Designing the User Experience for a Digital Product
Building a cash flow management tool requires a lot of thinking in terms of algorithm and coding, This is particularly necessary if the tool is meant to simplify the burdensome operations of planning and forecasting business cash movement. But that’s not all. Such technical, not-at-all-fun operations won’t appeal to anybody without good looks and user experience. Here’s where the designer enters the stage and makes it all look and feel just fine.
We asked our colleague and master of design, Adrian, to share with you what it takes to transform the technicality into a pleasant experience, especially when addressing people in the creative industries.
Q: You’ve worked for many digital products before. Where do you start from in creating their visual identities?
A: For me, sketching on paper still plays a key role in my design, mainly because it allows me to try out ideas and to indicate certain forms. Of course, once an idea is more fully developed, the computer is a great way to study variations in color, form, etc.
Q: You are passionate about illustration, drawing, photography…. Digital products are technical subjects. How does a creative person perceive such an experience?
A: Creativity, in most contexts, is rooted in understanding, knowledge, and insight. So, I learned to constantly ask myself “why?” when making any design decisions.
Q: What was the starting point in imagining a technical tool like ThinkOut for a creative business owner?
A: Everyone has a different business process (and that’s okay). What matters is the ability to convey your business process to a rational approach. A good business idea, however, it’s useless without the tool that best fits your situation. In the same time, it also has to look and ”behave” appealing enough to please the creative sense of such a business owner. So you see, it is about balance: aesthetics, usability, and functionality.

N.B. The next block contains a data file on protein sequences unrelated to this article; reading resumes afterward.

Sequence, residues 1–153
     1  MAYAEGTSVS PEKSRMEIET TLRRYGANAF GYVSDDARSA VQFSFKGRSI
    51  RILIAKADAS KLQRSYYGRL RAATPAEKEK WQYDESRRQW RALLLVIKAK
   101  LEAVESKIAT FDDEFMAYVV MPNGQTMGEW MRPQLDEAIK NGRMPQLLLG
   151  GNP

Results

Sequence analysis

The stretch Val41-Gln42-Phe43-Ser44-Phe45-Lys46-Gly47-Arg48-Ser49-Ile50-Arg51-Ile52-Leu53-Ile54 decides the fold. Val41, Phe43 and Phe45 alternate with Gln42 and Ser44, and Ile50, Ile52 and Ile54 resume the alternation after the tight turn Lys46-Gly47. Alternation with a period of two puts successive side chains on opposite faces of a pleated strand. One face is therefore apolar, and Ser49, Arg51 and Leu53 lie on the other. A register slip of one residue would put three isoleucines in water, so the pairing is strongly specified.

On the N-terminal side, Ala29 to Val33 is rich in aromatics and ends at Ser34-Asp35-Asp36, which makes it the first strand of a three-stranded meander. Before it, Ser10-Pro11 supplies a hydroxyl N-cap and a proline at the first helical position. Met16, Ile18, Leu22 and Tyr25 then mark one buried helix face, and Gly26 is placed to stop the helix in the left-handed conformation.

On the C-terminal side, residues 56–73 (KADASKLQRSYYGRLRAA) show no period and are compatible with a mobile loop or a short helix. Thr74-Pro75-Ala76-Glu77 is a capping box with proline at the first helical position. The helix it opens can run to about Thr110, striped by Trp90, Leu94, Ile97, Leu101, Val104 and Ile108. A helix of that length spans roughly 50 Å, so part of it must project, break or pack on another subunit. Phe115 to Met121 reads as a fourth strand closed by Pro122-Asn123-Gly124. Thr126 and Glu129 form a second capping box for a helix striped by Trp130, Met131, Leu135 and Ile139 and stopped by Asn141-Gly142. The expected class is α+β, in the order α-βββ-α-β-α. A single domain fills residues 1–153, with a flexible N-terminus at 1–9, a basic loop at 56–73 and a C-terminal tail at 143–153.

Q: Let’s face it: cash flow is not an appealing subject, no matter how much into the business spirit one is; especially not for someone in the creative industries. So how do you turn it into a good user experience?
A: At my job, I get involved with all things UX and UI related and that includes creating user workflows, prototypes, wireframes, user interface designs, iconography, participating in the whole process of product development. To empathize and understand the needs of those who will use your product is another crucial phase of the process. Your customers come with their own particular needs and goals and if you can demonstrate your sensitivity to them, you’ll be well received.
Q: The tendency now is to build either playful apps and software or very technical oriented ones. What was your approach for the ThinkOut platform?
A: Through all the process, my one constant is to ask the right questions before designing. It’s a mix of having an app that highlights your interests and elegantly solves your pains.